As part of the American Rescue Plan Act passed in March 2021, Congress approved a new expanded child tax credit. The credit committed, among other things, to monthly payments for the last six months of 2021 to most American families.
The policy succeeded in its stated goal of drastically reducing child poverty in the United States.
However, the credit didn’t last that year, as the Build Back Better account was not approved and the child tax credit reverted to its previous version in 2022, without the monthly check.
The HuffPost looked this week at why the Democrats haven’t spoken about this successful policy on the campaign trail.
The grant lasted only six months, and the triumphant messages have been largely absent from the campaign trajectory ahead of next week’s midterm elections, in which Republicans have a strong chance of winning one or both chambers of Congress. the story.
Democrats, HuffPost noted, are more likely to talk about Social Security than about the child tax credit. The publication cited a study by the Wesleyan Media Project that found that only 0.2 percent of federal campaign ads in the generational election mentioned the child tax credit.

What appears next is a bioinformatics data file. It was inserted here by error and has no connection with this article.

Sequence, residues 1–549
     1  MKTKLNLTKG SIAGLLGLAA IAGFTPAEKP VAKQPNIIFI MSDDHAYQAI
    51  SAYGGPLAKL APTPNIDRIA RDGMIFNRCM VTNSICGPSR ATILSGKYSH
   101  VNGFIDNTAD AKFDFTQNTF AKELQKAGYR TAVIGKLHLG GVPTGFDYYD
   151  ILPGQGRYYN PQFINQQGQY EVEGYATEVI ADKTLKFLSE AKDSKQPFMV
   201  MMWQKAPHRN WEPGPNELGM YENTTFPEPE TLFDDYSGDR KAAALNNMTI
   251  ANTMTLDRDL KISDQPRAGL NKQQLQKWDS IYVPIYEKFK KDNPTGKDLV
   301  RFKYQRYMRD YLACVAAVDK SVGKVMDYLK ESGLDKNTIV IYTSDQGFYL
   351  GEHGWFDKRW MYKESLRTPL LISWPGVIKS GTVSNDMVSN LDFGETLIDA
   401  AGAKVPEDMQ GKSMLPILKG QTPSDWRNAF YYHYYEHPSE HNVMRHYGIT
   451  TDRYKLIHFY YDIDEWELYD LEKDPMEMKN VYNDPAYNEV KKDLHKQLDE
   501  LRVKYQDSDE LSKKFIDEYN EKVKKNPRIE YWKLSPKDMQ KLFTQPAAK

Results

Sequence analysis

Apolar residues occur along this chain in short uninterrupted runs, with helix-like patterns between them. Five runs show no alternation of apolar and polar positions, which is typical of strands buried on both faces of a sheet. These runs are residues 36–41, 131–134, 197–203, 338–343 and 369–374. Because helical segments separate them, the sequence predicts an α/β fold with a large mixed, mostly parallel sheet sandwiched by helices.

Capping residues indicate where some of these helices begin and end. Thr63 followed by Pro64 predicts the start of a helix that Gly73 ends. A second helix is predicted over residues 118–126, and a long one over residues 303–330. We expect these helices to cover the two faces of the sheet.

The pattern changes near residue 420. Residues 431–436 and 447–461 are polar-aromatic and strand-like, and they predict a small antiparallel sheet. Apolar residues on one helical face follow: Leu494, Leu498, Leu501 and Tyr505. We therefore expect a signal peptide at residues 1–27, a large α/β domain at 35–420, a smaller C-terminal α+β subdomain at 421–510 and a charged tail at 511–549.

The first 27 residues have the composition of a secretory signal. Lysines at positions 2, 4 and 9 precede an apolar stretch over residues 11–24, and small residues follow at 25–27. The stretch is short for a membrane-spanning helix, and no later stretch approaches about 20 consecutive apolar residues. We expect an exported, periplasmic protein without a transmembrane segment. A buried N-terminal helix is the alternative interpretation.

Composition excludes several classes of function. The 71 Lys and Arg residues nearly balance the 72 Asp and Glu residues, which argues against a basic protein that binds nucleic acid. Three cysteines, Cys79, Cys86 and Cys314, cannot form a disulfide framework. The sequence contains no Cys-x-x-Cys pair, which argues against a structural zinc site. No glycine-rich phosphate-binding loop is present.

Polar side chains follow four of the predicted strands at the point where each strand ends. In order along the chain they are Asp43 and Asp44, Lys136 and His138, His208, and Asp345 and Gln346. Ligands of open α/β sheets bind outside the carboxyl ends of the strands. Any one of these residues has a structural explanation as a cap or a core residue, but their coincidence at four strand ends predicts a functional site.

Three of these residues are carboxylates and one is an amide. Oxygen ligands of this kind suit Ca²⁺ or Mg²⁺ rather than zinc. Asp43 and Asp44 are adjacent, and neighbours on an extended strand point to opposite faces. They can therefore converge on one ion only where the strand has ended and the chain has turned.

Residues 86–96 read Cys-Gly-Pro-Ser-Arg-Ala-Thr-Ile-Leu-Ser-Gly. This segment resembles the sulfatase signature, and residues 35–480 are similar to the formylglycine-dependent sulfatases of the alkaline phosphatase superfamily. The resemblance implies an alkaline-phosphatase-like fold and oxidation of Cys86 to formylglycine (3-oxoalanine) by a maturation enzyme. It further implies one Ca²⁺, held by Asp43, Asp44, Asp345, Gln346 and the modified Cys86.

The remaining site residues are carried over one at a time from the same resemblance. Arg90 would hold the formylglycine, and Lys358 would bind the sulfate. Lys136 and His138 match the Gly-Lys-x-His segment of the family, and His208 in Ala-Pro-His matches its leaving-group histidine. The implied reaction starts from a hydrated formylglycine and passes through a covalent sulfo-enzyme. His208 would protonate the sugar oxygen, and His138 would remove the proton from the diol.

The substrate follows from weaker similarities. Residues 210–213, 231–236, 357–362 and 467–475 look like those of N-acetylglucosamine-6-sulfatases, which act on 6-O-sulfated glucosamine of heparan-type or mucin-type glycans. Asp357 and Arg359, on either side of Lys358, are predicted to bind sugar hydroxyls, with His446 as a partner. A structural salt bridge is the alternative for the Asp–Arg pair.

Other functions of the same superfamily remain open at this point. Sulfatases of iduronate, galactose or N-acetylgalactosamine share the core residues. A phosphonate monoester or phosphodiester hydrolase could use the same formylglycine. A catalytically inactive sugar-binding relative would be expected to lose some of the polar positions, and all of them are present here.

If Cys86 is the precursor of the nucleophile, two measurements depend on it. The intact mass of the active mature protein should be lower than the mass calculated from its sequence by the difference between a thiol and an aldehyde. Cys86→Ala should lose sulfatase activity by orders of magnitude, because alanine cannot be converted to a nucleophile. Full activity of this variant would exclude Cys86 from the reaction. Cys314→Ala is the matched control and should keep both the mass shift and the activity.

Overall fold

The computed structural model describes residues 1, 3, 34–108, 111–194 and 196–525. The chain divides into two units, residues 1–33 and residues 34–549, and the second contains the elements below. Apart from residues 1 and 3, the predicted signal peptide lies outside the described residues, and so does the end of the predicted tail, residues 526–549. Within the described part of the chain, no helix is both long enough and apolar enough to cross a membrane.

References to child tax credits appeared in only 0.3 percent of gubernatorial and 0.2 percent of federal broadcasts by 2022. federal broadcasts, with the bulk (more than two-thirds) of these mentions in pro-democracy advertisements,” that study said.
Some candidates have aired commercials berating opponents for opposing the credit, while others have torn apart proponents of the child tax credit for credit going to convicted felons.
sen. Michael Bennet (D-CO) is a rare candidate who has expressed support for the child tax credit.
“We have shown that we do not have to accept this level of child poverty as a permanent state of our economy or a permanent state of our democracy,” the senator said in a recent speech. “And I can tell you, the main reason I want to go back there is to make that permanent. That’s what we have to do.”
There are a number of other reasons why politicians have distanced themselves from the extended child discount. There’s the simple fact that the Democrats weren’t able to keep the credit, and advertising would announce a failure. There is also a belief among some that credit, along with the stimulus, has contributed to inflation, which was a major problem in this fall’s campaign.
Stephen Silver, a technology writer for The National Interest, is a journalist, essayist and film critic, who is also a contributor to The Philadelphia Inquirer, Philly Voice, Philadelphia Weekly, the Jewish Telegraphic Agency, Living Life Fearless, Backstage magazine, Broad Street Review and Splice today. Stephen is a co-founder of the Philadelphia Film Critics Circle and lives in suburban Philadelphia with his wife and two sons. Follow him on Twitter at @StephenSilver.